Created: 06/05/2015 1:54 PM
By: By EDITH M. LEDERER
UNITED NATIONS (AP) — The mission monitoring a cease-fire agreement in Ukraine warned Friday that violations are becoming more frequent and severe, with heavy weapons often missing from storage areas and rockets and multiple launchers recently being used again.
Alexander Hug, the deputy chief monitor of the Organization for Security and Cooperation in Europe's mission in Ukraine, called on all sides to urgently return to the negotiating table.
Hug told the U.N. Security Council by videoconference that OSCE monitors have noted the movement and use of heavy weapons in areas where they are prohibited by the cease-fire agreement signed in the Belarus capital Minsk in February.
Since fighting erupted in eastern Ukraine between government forces and Russian-backed separatists in April 2014, more than 6,400 people have been killed. The February cease-fire has been violated almost daily, but hostilities had tapered off after the agreement until Wednesday's heavy fighting near Donetsk which was the most severe in months.
UN political chief Jeffrey Feltman, who urged all parties to respect the cease-fire accord, said 28 people including nine civilians were killed in the clashes around Marinka on Wednesday.
"We are either looking at a return to a deepening, intractable conflict or a momentary upsurge in parts of the conflict zone," Feltman said. "We cannot afford either scenario."
U.S. President Barack Obama spoke with Ukrainian President Petro Poroshenko Friday and the White House said both leaders expressed their "deep concern" about the fighting near Donetsk. They called on Russia and the separatists to live up to the cease-fire agreement.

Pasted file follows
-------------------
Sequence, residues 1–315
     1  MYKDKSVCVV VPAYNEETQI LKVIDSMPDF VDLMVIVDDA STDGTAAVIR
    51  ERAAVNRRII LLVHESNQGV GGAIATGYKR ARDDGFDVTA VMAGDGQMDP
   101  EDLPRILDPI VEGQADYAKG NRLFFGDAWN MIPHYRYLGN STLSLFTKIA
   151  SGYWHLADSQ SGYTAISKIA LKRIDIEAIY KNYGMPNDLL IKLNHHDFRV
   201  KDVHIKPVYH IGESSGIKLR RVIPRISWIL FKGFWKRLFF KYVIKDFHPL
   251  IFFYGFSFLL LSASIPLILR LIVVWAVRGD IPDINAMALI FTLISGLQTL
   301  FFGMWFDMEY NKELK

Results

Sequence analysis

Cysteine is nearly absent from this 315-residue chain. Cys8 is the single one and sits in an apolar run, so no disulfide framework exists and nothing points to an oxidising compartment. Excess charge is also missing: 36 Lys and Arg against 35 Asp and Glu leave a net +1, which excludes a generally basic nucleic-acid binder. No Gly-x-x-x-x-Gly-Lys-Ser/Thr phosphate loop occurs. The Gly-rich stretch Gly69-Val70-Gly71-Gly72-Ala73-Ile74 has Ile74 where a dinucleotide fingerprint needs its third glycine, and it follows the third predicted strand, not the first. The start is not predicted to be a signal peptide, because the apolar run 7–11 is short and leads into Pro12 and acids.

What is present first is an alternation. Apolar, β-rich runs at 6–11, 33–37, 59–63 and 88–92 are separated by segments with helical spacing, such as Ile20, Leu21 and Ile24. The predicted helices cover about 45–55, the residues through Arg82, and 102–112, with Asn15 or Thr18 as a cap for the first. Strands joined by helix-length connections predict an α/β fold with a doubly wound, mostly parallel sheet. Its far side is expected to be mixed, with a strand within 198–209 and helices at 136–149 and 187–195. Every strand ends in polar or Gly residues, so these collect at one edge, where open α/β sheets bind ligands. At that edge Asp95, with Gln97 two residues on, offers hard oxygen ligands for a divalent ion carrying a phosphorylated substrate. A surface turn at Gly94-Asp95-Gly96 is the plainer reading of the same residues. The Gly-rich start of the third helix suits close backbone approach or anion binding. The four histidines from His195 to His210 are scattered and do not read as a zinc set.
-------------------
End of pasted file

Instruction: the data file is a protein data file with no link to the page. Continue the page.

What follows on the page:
The call came as Obama prepared to leave Saturday for the Group of Seven industrialized nations in Germany, where Ukraine and Russia are expected to be one of the top subjects of discussion. The White House said Obama underscored a commitment to a diplomatic resolution in eastern Ukraine and to keep economic pressure on Russia until Moscow meets the terms of the Minks accord.
Hug said OSCE monitors in many cases have been prevented from accessing heavy weapons holding sites and have been denied entry to specific areas, "notably along the Russian-Ukrainian international border." OSCE drones have been jammed on a regular basis and monitors have also faced "threats, intimidation and have even been fired upon," he said.
Despite these obstacles, Hug said, the 375 monitors in the Donetsk and Luhansk regions have been able to effectively monitor the situation on the ground, and gather first-hand evidence of cease-fire violations.
Russia's U.N. Ambassador Vitaly Churkin said the root of the problem is the Kiev government's failure to carry out constitutional reforms and implement the cease-fire agreement which would have led to "a gradual normalization and democratic development of Ukraine."
"Now, a critical moment has come," Churkin said. "If we allow Kiev to continue to not implement the absolutely necessary political measures ... this situation could fall out of control with unpredictable consequences."
He urged Security Council members with influence on Ukraine "to do everything possible so that this should not take place."
U.S. Ambassador Samantha Power, who will visit Ukraine next week, accused combined Russian-separatist forces of launching multiple, coordinated attacks on Wednesday, while the Ukrainian government has made good faith efforts to honor the Minsk cease-fire.
Associated Press Writer Jim Kuhnhenn contributed to this report from Washington
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